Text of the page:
Putin attacks West ahead of G-8 summit

Updated: 2007-06-05 08:46

MOSCOW - President Vladimir Putin called himself the world's only "absolute and pure democrat" in an interview published Monday, and launched scathing attacks on the US and Europe ahead of this week's Group of Eight summit.

Russian President Vladimir Putin looks on during a Cabinet meeting in the Moscow Kremlin, Monday, June 4, 2007. [AP]
At the same time, the 54-year-old Putin hinted that he may not be ready to leave the public stage after all when his second term expires next year. "I am far from pension age and it would be absurd just to sit at home doing nothing," he told a group of reporters invited to dinner over the weekend.

Despite Russia's agreement last month to tone down the rhetoric, Putin's statements exposed vast gaps between Russia and the West ahead of this week's Group of Eight summit. He called Britain's decision to demand the extradition of the man suspected of killing former KGB agent Alexander Litvinenko with a radioactive poison an act of "stupidity."

The interview touched on much that the rest of the world finds disturbing about Putin's Russia: the backsliding on democracy, the increasing assertion of military power, the general perception of a leader who feels immune to international criticism.

To the many Westerners who say he has rolled back Russia's democratic reforms, Putin responded with the assertion that he is the world's one true champion of democracy.

"I am an absolute and pure democrat," Putin said. "But you know what the misfortune is? Not even a misfortune but a real tragedy? It's that I am alone, there simply aren't others like this in the world."

The transcript noted that Putin laughed when making that comment, suggesting he was joking. A few moments later he added: "After the death of Mahatma Gandhi, there's nobody to talk to."

Sandwiched between his acid criticisms and ironic assertions was a brief criticism of the West.

"We look at what has been created in North America - horror: torture, homelessness, Guantanamo, detention without courts or investigation," he said.

"You see what's going on in Europe: harsh treatment of demonstrators, the use of rubber bullets, tear gas in one capital, the killing of demonstrators in the streets in another," he added, in an apparent reference to the death of an ethnic Russian in the Estonian capital during protests over the removal of a Soviet-era war memorial.

Rather than try to soothe nerves before the G-8 summit in Germany, Putin repeated, and even amplified, recent Kremlin criticism of the United States - including his allegation in February that the United States was engaging in a "hyper-use of power," and Russian officials' denunciation of purported Western attempts to destabilize Russia by funding pro-democracy groups.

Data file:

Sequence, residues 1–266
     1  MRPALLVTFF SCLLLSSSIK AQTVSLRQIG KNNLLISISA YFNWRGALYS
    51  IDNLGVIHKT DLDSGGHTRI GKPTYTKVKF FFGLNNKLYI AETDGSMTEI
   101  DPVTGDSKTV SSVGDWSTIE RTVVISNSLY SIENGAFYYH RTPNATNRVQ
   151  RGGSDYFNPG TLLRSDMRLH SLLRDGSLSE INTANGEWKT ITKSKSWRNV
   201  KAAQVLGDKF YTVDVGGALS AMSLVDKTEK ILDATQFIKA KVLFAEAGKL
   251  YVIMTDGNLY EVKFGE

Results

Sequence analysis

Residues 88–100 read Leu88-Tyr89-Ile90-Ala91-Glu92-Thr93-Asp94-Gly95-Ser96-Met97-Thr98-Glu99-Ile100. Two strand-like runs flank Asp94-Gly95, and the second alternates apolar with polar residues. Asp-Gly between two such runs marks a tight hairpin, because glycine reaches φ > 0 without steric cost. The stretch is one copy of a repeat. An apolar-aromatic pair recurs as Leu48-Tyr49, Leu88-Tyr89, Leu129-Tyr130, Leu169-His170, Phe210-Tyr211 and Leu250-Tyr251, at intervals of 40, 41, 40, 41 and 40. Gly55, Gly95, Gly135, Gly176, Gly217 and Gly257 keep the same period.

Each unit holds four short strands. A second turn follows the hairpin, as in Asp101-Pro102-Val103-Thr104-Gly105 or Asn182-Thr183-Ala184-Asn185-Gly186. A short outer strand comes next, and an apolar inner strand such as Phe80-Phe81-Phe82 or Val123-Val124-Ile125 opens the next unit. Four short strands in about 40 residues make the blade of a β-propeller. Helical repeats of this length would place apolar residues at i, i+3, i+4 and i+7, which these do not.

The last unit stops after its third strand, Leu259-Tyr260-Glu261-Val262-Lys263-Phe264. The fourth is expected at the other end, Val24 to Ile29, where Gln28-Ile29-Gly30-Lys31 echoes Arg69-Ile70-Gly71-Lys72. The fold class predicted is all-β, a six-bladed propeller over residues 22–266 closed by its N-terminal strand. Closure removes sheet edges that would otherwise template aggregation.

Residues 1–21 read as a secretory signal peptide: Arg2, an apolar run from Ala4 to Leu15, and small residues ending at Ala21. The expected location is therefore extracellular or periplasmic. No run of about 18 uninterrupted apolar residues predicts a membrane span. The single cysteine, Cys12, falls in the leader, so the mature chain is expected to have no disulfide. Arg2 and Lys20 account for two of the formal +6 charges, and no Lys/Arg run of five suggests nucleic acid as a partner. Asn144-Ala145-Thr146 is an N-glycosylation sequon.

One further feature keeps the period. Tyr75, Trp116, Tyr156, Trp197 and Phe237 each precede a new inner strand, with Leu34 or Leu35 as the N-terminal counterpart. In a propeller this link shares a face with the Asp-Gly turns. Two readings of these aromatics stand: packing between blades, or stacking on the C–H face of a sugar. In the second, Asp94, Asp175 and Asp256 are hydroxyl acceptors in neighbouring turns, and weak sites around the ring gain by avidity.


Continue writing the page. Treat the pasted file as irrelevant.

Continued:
The Russian president's comments came despite last month's agreement between Foreign Minister Sergey Lavrov and Secretary of State Condoleezza Rice to tone down the rhetoric on both sides.

Much of the toughest talk from the Kremlin has focused on US plans to build a missile-defense system in Europe, which Washington insists is aimed at preventing attacks by rogue states such as Iran and North Korea rather than Russia.

Putin renewed the verbal offensive in his weekend interview, in chilling comments that evoked the balance-of-terror language of the Cold War.

"We are being told the anti-missile defense system is targeted against something that does not exist. Doesn't it seem funny to you, to say the least?" a clearly irritated Putin said.

"If a part of the strategic nuclear potential of the United States appears in Europe and, in the opinion of our military specialists will threaten us, then we will have to take appropriate steps in response," Putin said. "What kind of steps? We will have to have new targets in Europe."

These could be targeted with "ballistic or cruise missiles or maybe a completely new system."

National Security Adviser Stephen Hadley, asked aboard Air Force One about Putin's comments on the missile shield, said there has been "some escalation in the rhetoric."

"We think that that is not helpful. We would like to have a constructive dialogue with Russia on this issue. We have had it in the past," Hadley said.

Russia's relations with the West also are troubled by its refusal to turn over Andrei Lugovoi, the man whom Britain says it has enough evidence to charge in last year's fatal poisoning of former KGB agent Alexander Litvinenko. 

Russia refuses to turn over Lugovoi, saying its constitution forbids extradition of Russian citizens to face prosecution abroad. Putin called Britain's demand "stupidity."

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